Many fundamental and fascinating scientific, engineering, and mathematical challenges lie along the way toward realizing our Earth system model. How do clouds feed back onto climate warming? How do we represent subgrid-scale processes such as atmosphere and ocean turbulence in a data-informed model? How can we design the model to optimally exploit emerging hardware architectures? How do we optimize hundreds of parameters and quantify their uncertainties in a computationally complex model with a minimum number of model runs?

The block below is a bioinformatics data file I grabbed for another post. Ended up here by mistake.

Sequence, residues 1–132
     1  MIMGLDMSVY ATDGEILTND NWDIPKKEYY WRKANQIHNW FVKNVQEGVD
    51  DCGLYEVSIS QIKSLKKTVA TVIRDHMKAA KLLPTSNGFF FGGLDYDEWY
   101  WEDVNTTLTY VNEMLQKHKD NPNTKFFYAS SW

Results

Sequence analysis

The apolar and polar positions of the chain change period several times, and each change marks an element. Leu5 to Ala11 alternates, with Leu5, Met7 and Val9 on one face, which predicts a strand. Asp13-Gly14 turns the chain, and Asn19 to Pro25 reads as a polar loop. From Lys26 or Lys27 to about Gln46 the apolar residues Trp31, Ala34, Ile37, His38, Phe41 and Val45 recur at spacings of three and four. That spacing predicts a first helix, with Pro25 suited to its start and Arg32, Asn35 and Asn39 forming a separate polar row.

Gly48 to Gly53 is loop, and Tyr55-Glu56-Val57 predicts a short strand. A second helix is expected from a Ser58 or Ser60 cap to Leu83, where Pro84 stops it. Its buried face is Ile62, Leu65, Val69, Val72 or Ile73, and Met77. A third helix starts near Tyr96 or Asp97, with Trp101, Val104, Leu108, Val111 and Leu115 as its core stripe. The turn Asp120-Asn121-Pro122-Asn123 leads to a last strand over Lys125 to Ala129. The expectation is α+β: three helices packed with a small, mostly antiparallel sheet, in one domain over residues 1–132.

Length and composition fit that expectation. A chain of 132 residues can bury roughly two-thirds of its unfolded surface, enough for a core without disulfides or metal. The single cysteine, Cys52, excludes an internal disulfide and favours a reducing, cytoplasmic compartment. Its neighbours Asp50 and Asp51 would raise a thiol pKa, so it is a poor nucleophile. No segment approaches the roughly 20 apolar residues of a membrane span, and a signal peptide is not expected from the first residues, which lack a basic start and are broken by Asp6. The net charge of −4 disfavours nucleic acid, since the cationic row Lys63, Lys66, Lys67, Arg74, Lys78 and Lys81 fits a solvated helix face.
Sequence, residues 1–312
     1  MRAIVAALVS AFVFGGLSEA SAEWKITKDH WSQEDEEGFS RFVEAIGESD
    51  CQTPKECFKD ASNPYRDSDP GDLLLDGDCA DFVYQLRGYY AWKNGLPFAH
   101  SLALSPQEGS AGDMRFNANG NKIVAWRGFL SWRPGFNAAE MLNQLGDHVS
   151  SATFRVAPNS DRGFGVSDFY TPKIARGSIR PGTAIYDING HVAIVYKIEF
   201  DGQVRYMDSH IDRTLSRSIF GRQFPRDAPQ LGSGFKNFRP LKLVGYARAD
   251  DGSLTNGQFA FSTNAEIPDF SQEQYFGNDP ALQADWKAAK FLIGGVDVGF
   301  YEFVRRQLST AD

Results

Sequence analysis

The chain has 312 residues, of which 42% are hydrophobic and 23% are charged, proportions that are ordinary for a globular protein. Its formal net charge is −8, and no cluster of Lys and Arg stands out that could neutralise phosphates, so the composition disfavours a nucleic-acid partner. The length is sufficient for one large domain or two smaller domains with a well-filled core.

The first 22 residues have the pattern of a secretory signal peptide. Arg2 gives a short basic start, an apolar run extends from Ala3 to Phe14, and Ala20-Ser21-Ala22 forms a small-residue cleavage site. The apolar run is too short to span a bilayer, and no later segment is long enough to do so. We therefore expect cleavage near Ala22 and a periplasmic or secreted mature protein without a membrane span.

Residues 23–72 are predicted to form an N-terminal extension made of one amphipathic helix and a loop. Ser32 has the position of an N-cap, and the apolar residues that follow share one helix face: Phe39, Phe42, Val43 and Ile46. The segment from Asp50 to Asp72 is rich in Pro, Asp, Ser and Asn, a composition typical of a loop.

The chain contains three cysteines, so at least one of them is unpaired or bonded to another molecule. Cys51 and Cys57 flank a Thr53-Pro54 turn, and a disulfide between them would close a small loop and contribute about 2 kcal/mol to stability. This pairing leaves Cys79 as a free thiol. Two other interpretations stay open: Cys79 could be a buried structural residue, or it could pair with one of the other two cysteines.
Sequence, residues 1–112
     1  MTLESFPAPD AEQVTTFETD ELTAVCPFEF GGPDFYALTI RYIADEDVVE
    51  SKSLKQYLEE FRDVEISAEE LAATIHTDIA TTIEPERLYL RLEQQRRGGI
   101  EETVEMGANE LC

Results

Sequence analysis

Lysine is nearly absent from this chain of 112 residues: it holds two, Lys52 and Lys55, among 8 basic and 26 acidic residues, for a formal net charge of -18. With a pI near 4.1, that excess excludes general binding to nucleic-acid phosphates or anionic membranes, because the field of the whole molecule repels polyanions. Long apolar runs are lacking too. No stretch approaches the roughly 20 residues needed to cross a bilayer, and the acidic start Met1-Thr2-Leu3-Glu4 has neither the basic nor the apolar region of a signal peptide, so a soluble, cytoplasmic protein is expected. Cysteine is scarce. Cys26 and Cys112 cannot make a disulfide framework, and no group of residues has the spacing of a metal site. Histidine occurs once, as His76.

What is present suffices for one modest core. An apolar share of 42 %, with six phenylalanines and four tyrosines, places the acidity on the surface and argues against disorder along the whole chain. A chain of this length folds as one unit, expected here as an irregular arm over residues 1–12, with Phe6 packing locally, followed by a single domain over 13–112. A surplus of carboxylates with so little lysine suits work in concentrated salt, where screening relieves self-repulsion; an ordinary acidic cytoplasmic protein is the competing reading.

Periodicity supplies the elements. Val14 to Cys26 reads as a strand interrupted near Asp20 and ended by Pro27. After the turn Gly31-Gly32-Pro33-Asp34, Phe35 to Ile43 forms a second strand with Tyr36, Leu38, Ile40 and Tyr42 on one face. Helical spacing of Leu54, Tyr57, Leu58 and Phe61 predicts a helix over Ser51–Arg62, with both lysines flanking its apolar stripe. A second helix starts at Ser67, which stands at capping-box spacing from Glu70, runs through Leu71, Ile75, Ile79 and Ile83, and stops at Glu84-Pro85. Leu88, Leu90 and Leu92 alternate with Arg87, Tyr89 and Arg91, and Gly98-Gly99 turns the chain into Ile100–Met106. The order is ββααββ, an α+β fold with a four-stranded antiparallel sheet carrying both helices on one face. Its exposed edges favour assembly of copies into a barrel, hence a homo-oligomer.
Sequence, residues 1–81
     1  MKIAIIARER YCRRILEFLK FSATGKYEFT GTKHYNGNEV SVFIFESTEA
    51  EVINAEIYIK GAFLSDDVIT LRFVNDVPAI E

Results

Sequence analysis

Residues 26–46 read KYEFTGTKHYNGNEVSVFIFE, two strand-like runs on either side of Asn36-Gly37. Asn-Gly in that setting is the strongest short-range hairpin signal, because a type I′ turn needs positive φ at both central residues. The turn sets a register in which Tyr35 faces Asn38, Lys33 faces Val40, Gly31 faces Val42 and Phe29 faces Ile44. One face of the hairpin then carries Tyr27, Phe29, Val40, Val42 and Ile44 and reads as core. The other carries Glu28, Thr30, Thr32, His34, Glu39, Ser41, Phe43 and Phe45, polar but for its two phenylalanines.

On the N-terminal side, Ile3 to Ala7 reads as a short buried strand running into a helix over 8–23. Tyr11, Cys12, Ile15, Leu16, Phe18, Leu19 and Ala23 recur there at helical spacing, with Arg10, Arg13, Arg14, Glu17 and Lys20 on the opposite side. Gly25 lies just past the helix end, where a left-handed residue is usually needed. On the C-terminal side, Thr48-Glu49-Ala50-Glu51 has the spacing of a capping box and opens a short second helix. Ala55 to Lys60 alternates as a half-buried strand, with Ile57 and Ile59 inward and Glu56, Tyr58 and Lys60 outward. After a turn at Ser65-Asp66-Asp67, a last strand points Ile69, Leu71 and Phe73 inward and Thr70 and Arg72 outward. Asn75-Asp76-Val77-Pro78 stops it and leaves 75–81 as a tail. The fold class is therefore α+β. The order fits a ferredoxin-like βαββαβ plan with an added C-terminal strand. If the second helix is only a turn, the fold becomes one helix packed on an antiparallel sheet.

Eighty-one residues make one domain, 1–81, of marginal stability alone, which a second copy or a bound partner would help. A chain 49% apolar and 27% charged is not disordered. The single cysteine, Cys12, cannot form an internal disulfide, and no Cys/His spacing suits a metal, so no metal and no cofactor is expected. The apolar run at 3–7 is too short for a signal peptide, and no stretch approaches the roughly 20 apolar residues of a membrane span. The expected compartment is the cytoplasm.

CliMA offers students a unique educational opportunity, simultaneously exposing them to the latest developments in the environmental sciences, computational and mathematical sciences, and space technology. We have a plethora of topics for PhD theses that advance the state of knowledge in science, engineering, or applied mathematics, while at the same time contributing to a project with broad societal relevance. Graduate and undergraduate students can join us at the CliMA institutions through a variety of programs, depending on their interests and background.